This paper explores one specific way this new tool may have shaped information exchange: by changing who can exchange information widely during protest. We know from previous research (Bruns, Highfield and Burgess, 2013; Eltantawy and Wiest, 2011) that non-locals sometimes represent a significant portion of the people exchanging information about protest online, but what is their role, and what does their presence change about how information is transmitted during protest and about the informational environment as a whole? What are the implications of these changes for the dynamics of protest? To study this question, I use a dataset of every tweet sent containing over 30 keywords and hashtags during the EuroMaidan protests in Ukraine in 2013-2014. I find that while non-locals make up a significant proportion of those discussing protests online, interactions between geolocated locals and non-locals are relatively minimal. Non-locals, however, are sharing, and amplifying the visibility, of very different types of information than locals. Particularly, an enormous amount of the most shared information among non-locals comes from Russian funded sources, with an informational agenda that differs substantially from the Ukrainian media or from the agenda of the protest groups themselves. My findings suggest that social media creates space for new people to become important disseminators of information around protest, but the implications of this can be both positive and negative from the perspective of protest movements themselves. On the one hand, protestors have more opportunities to correct inaccurate information, to disseminate their own perspectives, and to craft their own narratives, as well as to mobilize resources from a broader set of individuals. On the other hand, social media also provides opportunities for groups with competing agendas to become more important and influential in informational networks around protest than they might be in other contexts.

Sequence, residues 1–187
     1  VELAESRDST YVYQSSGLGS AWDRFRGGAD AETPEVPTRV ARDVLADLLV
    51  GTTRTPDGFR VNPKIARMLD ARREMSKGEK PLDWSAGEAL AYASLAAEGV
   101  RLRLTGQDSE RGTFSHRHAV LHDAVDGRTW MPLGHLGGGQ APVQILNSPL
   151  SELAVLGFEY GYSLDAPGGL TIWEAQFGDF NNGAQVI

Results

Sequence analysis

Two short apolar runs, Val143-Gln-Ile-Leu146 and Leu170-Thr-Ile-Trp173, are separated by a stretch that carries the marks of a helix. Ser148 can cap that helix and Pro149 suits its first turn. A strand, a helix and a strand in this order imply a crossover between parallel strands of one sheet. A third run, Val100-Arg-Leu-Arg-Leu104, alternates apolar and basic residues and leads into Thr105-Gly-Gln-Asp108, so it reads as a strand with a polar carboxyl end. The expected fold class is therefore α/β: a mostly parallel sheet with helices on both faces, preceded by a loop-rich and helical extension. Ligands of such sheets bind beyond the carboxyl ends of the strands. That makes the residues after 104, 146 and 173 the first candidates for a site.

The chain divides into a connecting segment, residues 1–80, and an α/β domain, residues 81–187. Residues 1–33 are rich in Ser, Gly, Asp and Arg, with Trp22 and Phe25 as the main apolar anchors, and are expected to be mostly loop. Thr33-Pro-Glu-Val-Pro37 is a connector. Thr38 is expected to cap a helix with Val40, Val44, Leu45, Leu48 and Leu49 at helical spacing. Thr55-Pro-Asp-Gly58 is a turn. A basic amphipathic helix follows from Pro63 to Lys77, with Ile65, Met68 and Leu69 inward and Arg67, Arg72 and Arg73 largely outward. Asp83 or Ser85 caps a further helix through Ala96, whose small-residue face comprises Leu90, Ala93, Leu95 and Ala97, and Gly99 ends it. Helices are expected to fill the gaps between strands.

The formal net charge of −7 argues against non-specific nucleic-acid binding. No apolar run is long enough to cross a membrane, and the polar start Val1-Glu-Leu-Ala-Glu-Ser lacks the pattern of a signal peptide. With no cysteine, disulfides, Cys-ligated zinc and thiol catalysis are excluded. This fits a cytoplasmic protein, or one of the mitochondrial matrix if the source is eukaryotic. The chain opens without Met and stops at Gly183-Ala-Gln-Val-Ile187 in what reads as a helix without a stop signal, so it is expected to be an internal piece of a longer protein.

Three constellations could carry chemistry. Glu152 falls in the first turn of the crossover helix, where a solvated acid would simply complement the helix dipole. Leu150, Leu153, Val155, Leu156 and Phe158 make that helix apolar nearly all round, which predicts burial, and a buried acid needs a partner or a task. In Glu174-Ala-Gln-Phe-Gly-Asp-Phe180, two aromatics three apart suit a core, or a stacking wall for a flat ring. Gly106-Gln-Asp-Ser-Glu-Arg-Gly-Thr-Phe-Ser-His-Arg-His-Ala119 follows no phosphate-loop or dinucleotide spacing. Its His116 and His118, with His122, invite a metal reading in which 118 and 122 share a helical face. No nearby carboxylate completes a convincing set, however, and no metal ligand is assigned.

"Digital Media and Protest: Impacts on the Dynamics of Protest Emergence and State Response" (link)

In 2015, a Pew study found that in the United States 1 in 10 adults got news on Twitter and 1 in 4 got news on Facebook. These numbers are even higher for young adults. In just over ten years, then, we have gone from social media not existing to being a critical source of news and information. This paper examines the impact that this informational shift has had on a particular type of political behavior: political protest, particularly large-scale anti-government protest. The key question that I attempt to answer is what the overall impact of social media has been on how often protests emerge, what types of protests emerge, and how likely they are to succeed. Recent scholarship has speculated about the impacts that social media might have on the likelihood of protest emergence, or on the type of protests that might emerge, and has ranged from the utopic to the dystopic. Using global data on protest, I test a variety of hypotheses about what the impact of social media on protest might be, and how the introduction of this technology has (or has not) changed the dynamics of protest emergence.

"Dynamics of Influence in Online Protest Networks: Evidence from the 2013 Turkish Protests" (link)

The dynamics of information diffusion are a key element of many theories of protest emergence and success. Protest itself can serve as a public signal of preferences, but theory suggests that individuals need significant signals from others before being willing to participate in such high risk action. Thus the spread of information on levels of dissent and participation in protest contexts is critical, as is the creation of common knowledge about this information. Given the importance of information in these contexts, understanding who is able to spread information effectively and how is critical. Those whose information spreads most widely play a stronger role in shaping how protest events evolve. During protest, this information impacts the way that people make choices about participation, the way the protests are portrayed in the public eye, and what information becomes widely available. Previously, we were limited in our ability to study these dynamics effectively, because we were unable to observe the communication networks that underlie protest organization and participation. Social media data provides exciting new opportunities to explore this question in depth. In this paper, I draw on a new data set of over 30 million tweets gathered during the Gezi Park Protests in Istanbul in the summer of 2013 to study the dynamics of influence in online protest networks. My findings suggest that network centrality is a necessary, but not sufficient condition for influence in online protest networks. Rather, other factors contribute to influence, but they must be paired with a critical mass of followers to actually allow an individual to emerge as influential. I further find conflicting evidence about whether the type of content in tweets of highly retweeted users differs from that of other users, and suggest questions for future research